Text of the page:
Clerking dizziness


Clerking dizziness should involve a detailed history with regards to characterising the current episode. The examination should include otoscopy, CNS examination, and relevant specific tests.

In clerking the current episode, the following approach should be taken:

  • Differentiate between dizziness and vertigoVertigo is a spinning or rotatory sensation of the patient or his or her surroundings, and is often in keeping with a vestibular event.

    Dizziness or unsteadiness is a more generalised term and may not indicate vestibular pathology.

  • Determine how the episodes began:
    • a preceding upper respiratory infection (labyrinthitis); 
    • a history of sea, air, or train travel prior to the onset of symptoms and with symptoms occurring on disembarking (mal de debarquement (MDD) syndrome);
    • a history of trauma or barotraumas (perilymphatic fistula).
  • Determine whether the vertigo is better with the eyes open or closed
    • Vertigo with a vestibular component is more likely to get better with visual fixation (eyes closed)
    • Vertigo with a central component is not usually better with visual fixation.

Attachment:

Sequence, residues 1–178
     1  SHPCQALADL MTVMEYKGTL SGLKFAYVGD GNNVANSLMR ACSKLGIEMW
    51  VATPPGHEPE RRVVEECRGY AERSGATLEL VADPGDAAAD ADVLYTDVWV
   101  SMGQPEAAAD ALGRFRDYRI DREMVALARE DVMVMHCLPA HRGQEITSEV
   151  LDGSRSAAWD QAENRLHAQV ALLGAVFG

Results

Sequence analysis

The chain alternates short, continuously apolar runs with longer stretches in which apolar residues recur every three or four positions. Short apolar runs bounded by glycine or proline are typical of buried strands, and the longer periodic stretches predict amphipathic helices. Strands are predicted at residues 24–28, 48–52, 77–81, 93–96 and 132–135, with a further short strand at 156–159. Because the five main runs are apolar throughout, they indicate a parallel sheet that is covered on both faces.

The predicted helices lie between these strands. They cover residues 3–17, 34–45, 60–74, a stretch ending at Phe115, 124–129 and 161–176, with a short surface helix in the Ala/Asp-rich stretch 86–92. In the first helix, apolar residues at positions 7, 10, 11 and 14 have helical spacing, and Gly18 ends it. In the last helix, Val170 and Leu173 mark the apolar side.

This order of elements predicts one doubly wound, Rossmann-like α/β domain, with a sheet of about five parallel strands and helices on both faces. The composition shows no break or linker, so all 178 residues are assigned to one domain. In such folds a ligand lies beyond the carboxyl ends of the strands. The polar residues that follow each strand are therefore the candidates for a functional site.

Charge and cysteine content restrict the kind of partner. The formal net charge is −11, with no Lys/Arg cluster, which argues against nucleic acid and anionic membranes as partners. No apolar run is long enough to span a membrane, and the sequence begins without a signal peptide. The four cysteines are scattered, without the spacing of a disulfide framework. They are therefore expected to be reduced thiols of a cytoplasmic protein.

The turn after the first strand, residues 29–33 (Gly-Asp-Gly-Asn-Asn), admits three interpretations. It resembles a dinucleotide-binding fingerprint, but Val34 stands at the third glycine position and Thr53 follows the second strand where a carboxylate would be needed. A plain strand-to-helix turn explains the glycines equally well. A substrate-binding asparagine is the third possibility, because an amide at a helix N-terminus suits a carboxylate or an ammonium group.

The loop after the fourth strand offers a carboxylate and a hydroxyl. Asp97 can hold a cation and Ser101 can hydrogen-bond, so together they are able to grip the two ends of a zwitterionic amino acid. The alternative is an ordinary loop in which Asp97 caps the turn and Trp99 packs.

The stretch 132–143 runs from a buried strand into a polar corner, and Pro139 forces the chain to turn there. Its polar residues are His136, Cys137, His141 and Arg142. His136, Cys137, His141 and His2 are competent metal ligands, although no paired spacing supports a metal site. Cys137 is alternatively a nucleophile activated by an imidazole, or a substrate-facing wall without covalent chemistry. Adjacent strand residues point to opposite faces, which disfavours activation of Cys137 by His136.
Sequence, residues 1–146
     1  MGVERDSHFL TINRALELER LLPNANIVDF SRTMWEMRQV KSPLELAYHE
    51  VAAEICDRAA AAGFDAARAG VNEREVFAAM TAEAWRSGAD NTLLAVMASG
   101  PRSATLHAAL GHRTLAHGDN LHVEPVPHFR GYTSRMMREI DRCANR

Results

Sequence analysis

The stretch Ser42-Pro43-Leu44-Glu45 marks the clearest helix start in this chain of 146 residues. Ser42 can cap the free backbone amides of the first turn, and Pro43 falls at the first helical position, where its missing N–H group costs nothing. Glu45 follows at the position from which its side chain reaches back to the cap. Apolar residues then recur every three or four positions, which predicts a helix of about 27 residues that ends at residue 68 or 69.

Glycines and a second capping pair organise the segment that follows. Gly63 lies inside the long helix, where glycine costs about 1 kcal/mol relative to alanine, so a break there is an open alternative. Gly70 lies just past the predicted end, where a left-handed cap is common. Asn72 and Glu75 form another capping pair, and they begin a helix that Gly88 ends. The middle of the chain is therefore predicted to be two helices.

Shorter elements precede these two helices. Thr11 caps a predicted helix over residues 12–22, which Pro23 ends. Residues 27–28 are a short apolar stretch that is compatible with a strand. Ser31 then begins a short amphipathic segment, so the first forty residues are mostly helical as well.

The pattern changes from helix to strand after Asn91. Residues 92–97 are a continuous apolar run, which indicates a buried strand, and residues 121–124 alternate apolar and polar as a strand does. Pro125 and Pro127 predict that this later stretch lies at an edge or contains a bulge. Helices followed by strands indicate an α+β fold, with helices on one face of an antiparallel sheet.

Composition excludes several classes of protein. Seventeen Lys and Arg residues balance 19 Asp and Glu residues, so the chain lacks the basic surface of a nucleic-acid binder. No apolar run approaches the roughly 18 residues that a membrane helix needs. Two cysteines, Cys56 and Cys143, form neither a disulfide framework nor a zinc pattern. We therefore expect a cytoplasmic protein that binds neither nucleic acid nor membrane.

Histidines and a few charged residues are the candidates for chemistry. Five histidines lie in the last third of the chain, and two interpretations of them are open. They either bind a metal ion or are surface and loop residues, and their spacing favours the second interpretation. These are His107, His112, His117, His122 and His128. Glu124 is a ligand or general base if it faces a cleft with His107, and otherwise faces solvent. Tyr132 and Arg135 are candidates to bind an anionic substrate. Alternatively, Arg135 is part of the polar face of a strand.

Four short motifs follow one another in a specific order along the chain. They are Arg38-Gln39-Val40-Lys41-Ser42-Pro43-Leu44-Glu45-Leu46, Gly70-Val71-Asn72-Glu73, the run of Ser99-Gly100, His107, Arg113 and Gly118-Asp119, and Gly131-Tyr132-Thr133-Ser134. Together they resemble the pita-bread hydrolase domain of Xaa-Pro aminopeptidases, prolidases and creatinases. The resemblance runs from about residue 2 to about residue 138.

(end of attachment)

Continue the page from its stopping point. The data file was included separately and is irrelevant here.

• Determine the duration of the vertigo
    • Vertigo lasting seconds: benign positional paroxysmal vertigo (BPPV), semicircular canal dehiscence, perilymphatic fistula.
    • Vertigo lasting minutes to hours is suggestive of migraine, Meniere’s disease, or cardiovascular disease such as a transient ischaemic attack.
    • Vertigo lasting hours-to-days is suggestive of labyrinthitis, vestibular neuritis, central pathology such as multiple sclerosis or a stroke, or an anxiety disorder.
  • Check for positional triggers
    • Vertigo associated with BPPV  and uncompensated unilateral vestibular loss occur on head movement
    • Dizziness on getting up quickly may be associated with presyncope and orthostatic hypotension (from antihypertensive medication use, vertebrobasilar insufficiency, cardiac arrhythmia or cardiac failure).